A lawn mower is like a car. In order to keep running, it needs regular tune-ups.
Your lawn mower maintenance isn't complete after you've changed the oil and replaced the air filters. You also need to check your mower's spark plug.
A clean spark plug in good condition will ensure that your gas-powered mower has less trouble starting, even when it's starting cold. When your mower starts easily, you'll see all sorts of benefits:
Less engine wear
Improved fuel efficiency
Lower exhaust emissions
Many manufacturers and engine professionals suggest changing your spark plug every spring; always follow the recommendations in your mower's product manual.
However, if your mower is having trouble starting, you might find deposits and buildup on your spark plug that need to be cleaned.
Whether you're inspecting your old spark plug or installing a new one, below are the steps to follow to do it safely.
How to Inspect an Existing Spark Plug
Before you buy a new spark plug, it makes sense to check the condition of the plug you already have.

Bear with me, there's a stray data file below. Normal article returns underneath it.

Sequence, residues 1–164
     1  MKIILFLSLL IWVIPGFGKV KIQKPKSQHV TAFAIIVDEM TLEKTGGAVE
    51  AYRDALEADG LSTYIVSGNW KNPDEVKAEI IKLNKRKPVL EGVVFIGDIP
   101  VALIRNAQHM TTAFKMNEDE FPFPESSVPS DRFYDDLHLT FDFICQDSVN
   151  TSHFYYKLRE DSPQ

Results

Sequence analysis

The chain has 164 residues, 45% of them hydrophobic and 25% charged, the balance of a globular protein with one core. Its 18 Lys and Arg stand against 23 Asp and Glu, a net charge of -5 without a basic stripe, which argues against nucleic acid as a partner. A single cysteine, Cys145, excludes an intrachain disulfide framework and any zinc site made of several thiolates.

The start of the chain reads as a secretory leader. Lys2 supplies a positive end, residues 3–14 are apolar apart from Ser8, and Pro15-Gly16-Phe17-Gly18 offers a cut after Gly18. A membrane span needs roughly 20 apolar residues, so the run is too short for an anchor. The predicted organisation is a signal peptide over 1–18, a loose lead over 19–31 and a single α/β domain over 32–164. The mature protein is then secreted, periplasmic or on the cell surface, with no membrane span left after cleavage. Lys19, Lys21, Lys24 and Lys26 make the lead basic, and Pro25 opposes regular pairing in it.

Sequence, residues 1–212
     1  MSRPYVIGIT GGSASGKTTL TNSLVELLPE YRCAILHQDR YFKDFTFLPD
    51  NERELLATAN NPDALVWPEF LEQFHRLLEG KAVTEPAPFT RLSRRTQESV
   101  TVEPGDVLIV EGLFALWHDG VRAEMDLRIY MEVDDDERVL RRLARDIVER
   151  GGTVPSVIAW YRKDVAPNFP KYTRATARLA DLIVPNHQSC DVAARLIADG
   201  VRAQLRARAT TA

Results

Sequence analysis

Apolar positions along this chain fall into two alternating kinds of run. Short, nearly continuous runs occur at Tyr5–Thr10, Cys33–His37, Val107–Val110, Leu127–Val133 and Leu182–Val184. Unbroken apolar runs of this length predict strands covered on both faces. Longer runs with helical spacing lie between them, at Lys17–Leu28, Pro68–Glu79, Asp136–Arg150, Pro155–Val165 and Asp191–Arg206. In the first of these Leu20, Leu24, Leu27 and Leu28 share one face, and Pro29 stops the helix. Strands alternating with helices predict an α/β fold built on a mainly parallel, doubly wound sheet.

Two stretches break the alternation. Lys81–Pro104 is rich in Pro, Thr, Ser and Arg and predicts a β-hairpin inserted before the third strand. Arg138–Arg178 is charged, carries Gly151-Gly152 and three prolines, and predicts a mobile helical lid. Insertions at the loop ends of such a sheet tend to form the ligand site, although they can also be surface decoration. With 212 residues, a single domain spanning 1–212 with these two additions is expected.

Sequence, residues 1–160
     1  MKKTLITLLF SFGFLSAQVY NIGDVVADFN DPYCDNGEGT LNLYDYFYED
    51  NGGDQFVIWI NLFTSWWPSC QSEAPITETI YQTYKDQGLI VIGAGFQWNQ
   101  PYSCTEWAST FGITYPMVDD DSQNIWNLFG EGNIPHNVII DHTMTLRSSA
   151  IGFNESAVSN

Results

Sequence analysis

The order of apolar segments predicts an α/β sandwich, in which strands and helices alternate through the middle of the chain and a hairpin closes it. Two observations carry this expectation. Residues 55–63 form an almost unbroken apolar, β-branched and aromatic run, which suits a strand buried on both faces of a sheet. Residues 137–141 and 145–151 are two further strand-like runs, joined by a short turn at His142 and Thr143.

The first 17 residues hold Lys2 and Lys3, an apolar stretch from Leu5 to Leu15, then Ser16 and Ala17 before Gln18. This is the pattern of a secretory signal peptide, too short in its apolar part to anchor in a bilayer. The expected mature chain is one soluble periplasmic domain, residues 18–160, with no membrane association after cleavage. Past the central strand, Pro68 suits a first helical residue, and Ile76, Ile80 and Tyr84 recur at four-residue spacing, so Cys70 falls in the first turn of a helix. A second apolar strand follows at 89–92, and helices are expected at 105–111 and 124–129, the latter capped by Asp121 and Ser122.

Disconnect the spark plug lead.
Clean the area around the spark plug to avoid getting debris in the combustion chamber when you remove the plug.
Remove the spark plug using a spark plug wrench.
Clean light deposits from the plug with a wire brush and spray-on plug cleaner. If necessary, use a sturdy knife to scrape off tough deposits. NOTE: Never clean a spark plug with a shot blaster or abrasives.
Inspect the spark plug for the most serious signs of wear:
Stubborn deposits that can't be brushed away
Electrodes that have been burned away
If you notice any of those three signs of wear, it's time to replace your worn-out spark plug with a brand-new one.
How to Install a New Spark Plug
New engine parts can be a little intimidating to install the first time. However, after you've removed your old spark plug, it takes just a few simple steps to get your new plug in place.
Use a spark plug gauge to measure the gap between the two electrodes (one straight, one curved) at the tip of your new spark plug. Many small engines require a .030" gap. Check the specifications for your model.
If necessary, use a spark plug gauge to adjust the gap by gently bending the curved electrode. You'll know the gap is correct when the gauge drags slightly as you pull it through the gap.
Insert the plug, taking care not to overtighten it (use a maximum of 15 foot-pounds of force).
Reattach the spark plug lead.
The spark plug is one of the key components of your lawn mower's engine. Your gas-powered mower can't fire without it, and if it's damaged, you'll notice your mower's engine misfiring or taking a number of tries to start.
A spark plug that's undamaged and free of deposits and buildup is just what you need to keep your mower running at peak performance.